(3) On receipt of an application under sub-section (2), if the Adjudicating Authority is satisfied that the subject matter of the case is such that corporate insolvency resolution process cannot be completed within one hundred and eighty days, it may by order extend the duration of such process beyond one hundred and eighty days by such further period as it thinks fit, but not exceeding ninety days:

Provided that any extension of the period of corporate insolvency resolution process under this section shall not be granted more than once.

As per Regulation 40 of CIRP Regulations, 2016, the resolution professional may move an application before the adjudicating authority seeking extension of the aforesaid period, if instructed to do so by a resolution passed at a meeting of the committee of creditors by a vote of sixty-six per cent of the voting shares. The adjudicating authority may thereafter by order extend the duration of such process beyond 180 days by such further period as it thinks fit, but not exceeding ninety days. However, this is only a one time extension. The Regulation 40 is reproduced here:

“40. Extension of the corporate insolvency resolution process period.

(1) The committee may instruct the resolution professional to make an application to the Adjudicating Authority under section 12 to extend the insolvency resolution process period.

(2) The resolution professional shall, on receiving an instruction from the committee under this Regulation, make an application to the Adjudicating Authority for such extension.”

a. Application for extension of the time period u/sn 12 can be filed after expiry of 180 days

A question arises whether the application for extension of the time period under section 12 can be filed after expiry of 180 days of CIRP (i.e. applications were filed after the completion of the 180 day period). NCLAT in the matter of Quantum Limited Vs. Indus Finance Corporation Limited [2018] ibclaw.in 08 NCLAT held that the provision does not stipulate that such application is to be filed before the Adjudicating Authority within 180 days. If within 180 days including the last day i.e. 180th day, a resolution is passed by the committee of creditors by a majority vote of 75%(now 66%) of the voting shares, instructing the resolution professional to file an application for extension of period in such case, in the interest of justice and to ensure that the resolution process is completed following all the procedures time should be allowed by the Adjudicating Authority who is empowered to extend such period up to 90 days beyond 180th day.

b. Whether in exceptional circumstances the timelines prescribed under Section 12 of IBC can be relaxed to allow a Prospective Resolution Applicant to submit a Second/Revised Resolution Plan

In Panna Pragati Infrastructure Pvt. Ltd. & Anr. Vs. Amit Pareek & Ors. (2020) ibclaw.in 305 NCLAT, the Appellants informed the Committee of Creditors through Resolution Professional about its intention to file a revised Resolution Plan/ second Resolution Plan which actually came to be filed on 14th February, 2020, we deem it appropriate to dwell on the issue whether in exceptional circumstances the timelines prescribed under ‘I&B Code’ can be relaxed to allow a prospective Resolution Applicant to submit a second/ revised Resolution Plan, more so when it merely involves a small period like one or two days as in the instant case. NCLAT held that Appellants submitted the Resolution Plan only two days after the revised plan of Respondent No.4 and well within the 180 days of ordinary timelines of CIRP under ‘I&B Code’. There was no justification for its rejection by the Resolution Professional who was duty bound to place the same before the Committee of Creditors especially when the ordinary CIRP period of 180  days  was  still  subsisting.  Therefore,  the  ground  urged  on  behalf  of Respondents that the time could not be extended by the Adjudicating Authority or by this Appellate Tribunal in appropriate cases is not in tune with the law interpreted by the Hon’ble Apex Court more so as the same was within the ordinary timelines and subsequently the Resolution Professional himself had sought extension of 90 days from the Adjudicating Authority for placing the Resolution Plan approved by Committee of Creditors before it for approval.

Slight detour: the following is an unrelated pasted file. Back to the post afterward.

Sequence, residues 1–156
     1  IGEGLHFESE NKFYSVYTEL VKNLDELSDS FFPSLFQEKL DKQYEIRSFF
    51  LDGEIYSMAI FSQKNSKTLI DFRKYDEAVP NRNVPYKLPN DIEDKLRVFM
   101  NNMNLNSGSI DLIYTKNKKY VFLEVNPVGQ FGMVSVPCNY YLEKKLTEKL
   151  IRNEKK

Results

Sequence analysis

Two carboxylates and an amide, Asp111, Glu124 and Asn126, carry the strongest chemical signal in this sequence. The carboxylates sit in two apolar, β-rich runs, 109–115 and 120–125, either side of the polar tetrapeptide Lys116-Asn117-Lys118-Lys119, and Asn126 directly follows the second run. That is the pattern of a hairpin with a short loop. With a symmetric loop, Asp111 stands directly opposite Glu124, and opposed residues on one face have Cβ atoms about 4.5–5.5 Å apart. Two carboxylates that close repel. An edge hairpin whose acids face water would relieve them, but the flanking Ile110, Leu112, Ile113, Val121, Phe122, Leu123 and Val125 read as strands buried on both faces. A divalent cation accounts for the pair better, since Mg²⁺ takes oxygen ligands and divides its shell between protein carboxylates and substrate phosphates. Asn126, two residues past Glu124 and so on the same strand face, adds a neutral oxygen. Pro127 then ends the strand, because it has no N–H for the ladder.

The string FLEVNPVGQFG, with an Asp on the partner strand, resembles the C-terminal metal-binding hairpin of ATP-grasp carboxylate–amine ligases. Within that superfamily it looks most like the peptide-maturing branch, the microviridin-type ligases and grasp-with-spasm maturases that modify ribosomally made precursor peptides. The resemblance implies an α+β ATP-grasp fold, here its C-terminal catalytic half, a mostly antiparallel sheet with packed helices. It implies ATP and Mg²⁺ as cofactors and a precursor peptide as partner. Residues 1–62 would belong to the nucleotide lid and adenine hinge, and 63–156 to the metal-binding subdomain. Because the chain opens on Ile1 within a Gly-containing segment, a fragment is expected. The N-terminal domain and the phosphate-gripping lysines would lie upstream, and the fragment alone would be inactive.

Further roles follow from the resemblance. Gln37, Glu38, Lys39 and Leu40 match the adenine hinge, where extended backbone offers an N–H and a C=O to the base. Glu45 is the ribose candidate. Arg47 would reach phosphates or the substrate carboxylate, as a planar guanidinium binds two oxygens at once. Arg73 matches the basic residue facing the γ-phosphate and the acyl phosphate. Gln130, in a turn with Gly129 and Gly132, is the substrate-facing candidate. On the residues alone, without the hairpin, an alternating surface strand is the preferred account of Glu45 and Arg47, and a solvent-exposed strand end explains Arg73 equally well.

d. Other important judgments

  • If the matter was pending before the Hon’ble High Court or before the Hon’ble Supreme Court and because of interim order of stay, the matter could not proceed, it is a fit case for exclusion of certain period u/s 12 – R.P. of SEL Manufacturing Company Ltd. Vs. Committee of Creditors of SEL Manufacturing Ltd. & Ors. [2019] ibclaw.in 192 NCLAT
  • NCLAT cannot extended CIRP beyond 270 days except advice for Sec. 230 of Companies Act, 2013 – Alliance Projects Vs. RP of Ind-Barath Power (Madras) Ltd. [2019] ibclaw.in 105 NCLAT
  • Only one Resolution Plan submitted before the consideration of the CoC has not been seriously dealt with in the time frame, no further extension beyond 270 days is to be granted in the like case – State Bank of India Vs. Coastal Projects Ltd. (2018) ibclaw.in 17 NCLT

See amendments at the end of this part.

 

4. Cap on CIRP time limit u/s 12- 330 days

The Insolvency and Bankruptcy Code (Amendment) Act, 2019 (Amendment Act), w.e.f. 16.08.2019, inserted two provisos to section 12(3) of the Code to provide for overall time limit as under: